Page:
Motivation is a powerful force that drives us to take action and pursue our goals. It can come from both internal and external sources, and understanding the difference between intrinsic and extrinsic motivation is key to unlocking our potential. Intrinsic motivation is driven by internal rewards, such as personal growth and achievement, while extrinsic motivation is driven by external rewards, such as money or qualifications. Motivation can come from a variety of sources, including external incentives, such as the motivation to work for compensation, or internal enjoyment, such as the motivation to create works of art in one's spare time.
Other sources of motivation include curiosity, autonomy, validation of one's identity and beliefs, creating a positive self-image, and the desire to avoid possible losses. Research in social psychology has found that extrinsic rewards can sometimes undermine intrinsic motivation when people participate in an interesting task. In other fields, such as cognitive psychology, motivation has usually been treated as an annoying factor that must be controlled. Studies on eudemonic well-being have described eudemonic behaviors to include excellence, autonomy, authenticity, self-development, commitment and autothelian motivation.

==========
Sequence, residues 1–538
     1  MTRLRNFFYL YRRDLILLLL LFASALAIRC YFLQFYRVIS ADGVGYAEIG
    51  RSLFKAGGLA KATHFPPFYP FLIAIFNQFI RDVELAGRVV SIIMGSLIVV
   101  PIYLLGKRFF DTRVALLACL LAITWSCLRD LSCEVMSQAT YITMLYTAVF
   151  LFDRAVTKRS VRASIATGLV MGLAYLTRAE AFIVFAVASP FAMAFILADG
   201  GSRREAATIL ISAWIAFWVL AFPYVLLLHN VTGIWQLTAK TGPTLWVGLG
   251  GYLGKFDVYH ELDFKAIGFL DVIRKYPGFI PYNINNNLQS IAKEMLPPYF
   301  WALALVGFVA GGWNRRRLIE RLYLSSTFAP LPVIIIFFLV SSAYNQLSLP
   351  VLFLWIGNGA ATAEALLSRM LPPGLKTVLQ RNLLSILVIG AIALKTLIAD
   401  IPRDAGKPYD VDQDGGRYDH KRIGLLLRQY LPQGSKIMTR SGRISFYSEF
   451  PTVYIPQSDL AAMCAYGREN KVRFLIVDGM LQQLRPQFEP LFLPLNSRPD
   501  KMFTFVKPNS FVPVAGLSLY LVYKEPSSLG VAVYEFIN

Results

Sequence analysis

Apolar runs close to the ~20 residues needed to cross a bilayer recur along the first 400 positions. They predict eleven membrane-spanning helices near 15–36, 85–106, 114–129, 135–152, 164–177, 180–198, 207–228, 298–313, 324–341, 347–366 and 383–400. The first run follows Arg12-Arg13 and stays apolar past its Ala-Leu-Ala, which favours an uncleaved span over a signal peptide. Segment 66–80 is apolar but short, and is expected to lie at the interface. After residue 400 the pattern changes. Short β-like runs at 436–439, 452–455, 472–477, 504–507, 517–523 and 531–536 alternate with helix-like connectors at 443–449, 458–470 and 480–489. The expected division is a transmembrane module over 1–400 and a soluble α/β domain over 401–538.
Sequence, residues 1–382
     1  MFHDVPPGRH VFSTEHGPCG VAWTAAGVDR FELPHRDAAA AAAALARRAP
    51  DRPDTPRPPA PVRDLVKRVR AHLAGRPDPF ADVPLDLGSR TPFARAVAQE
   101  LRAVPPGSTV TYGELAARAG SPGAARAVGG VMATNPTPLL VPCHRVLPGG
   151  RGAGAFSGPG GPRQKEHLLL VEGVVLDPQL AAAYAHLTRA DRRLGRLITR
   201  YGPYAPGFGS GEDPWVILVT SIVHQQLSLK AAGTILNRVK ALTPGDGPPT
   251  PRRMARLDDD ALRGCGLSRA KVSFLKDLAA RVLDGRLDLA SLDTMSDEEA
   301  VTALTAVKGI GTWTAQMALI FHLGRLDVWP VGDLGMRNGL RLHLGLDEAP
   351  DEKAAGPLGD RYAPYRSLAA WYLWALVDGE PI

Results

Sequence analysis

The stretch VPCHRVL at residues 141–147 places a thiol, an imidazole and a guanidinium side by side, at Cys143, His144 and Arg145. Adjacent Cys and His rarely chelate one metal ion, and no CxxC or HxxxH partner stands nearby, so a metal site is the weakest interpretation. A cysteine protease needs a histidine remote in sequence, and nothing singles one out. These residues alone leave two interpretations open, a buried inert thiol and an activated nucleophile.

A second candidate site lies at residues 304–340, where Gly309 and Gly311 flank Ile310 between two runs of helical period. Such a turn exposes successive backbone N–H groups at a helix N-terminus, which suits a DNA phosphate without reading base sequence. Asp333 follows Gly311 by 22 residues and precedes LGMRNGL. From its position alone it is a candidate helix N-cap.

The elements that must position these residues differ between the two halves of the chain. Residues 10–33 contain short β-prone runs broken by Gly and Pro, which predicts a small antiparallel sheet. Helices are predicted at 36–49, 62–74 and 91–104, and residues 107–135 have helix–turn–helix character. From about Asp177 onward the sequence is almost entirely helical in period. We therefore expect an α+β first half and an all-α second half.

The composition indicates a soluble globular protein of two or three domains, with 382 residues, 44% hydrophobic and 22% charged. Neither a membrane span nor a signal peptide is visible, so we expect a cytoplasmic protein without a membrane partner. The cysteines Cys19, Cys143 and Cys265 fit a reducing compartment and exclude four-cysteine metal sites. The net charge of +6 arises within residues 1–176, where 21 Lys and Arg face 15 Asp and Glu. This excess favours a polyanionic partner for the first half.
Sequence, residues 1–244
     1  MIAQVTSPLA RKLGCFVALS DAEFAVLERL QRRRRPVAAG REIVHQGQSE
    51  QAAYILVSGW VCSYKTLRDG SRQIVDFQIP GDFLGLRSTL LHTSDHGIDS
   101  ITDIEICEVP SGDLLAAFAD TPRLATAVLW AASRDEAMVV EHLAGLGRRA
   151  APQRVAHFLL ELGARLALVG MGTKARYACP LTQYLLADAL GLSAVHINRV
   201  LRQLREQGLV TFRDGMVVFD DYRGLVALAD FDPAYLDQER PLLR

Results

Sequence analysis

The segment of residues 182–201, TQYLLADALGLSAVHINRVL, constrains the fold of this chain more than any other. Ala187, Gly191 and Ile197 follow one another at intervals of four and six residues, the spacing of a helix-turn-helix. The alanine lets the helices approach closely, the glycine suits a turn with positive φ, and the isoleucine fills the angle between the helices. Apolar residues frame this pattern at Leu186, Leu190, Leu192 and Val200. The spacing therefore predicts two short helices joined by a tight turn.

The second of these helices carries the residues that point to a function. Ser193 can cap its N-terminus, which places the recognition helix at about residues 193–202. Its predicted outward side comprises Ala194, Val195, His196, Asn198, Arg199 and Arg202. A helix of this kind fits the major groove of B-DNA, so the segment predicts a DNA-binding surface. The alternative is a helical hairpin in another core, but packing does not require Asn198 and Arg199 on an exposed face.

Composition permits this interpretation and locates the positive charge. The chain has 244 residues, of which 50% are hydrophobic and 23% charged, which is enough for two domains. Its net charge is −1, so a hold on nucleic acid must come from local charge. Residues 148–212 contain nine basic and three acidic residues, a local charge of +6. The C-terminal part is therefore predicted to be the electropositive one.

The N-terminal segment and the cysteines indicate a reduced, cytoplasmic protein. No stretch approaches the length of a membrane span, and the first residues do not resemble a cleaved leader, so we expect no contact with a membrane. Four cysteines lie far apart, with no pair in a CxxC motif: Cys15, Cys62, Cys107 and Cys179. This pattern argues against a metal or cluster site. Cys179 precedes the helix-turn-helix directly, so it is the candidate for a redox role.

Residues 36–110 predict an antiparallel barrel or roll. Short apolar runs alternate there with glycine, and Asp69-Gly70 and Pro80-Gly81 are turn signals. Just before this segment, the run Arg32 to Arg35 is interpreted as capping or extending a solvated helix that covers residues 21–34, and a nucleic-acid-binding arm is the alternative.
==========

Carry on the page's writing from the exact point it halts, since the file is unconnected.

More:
We will be motivated by different incentives, objectives and activities, but we will also choose to be in different situations. It can be motivating to reflect on the progress you have made or to wait for the work to come if it is a fundamental part of your identity. Therefore, an alternative motivational model has been proposed that could explain the surprisingly weak link between competition and performance. How the individual views the importance of the different characteristics of the event influences whether the reward will affect their intrinsic motivation to participate in that activity.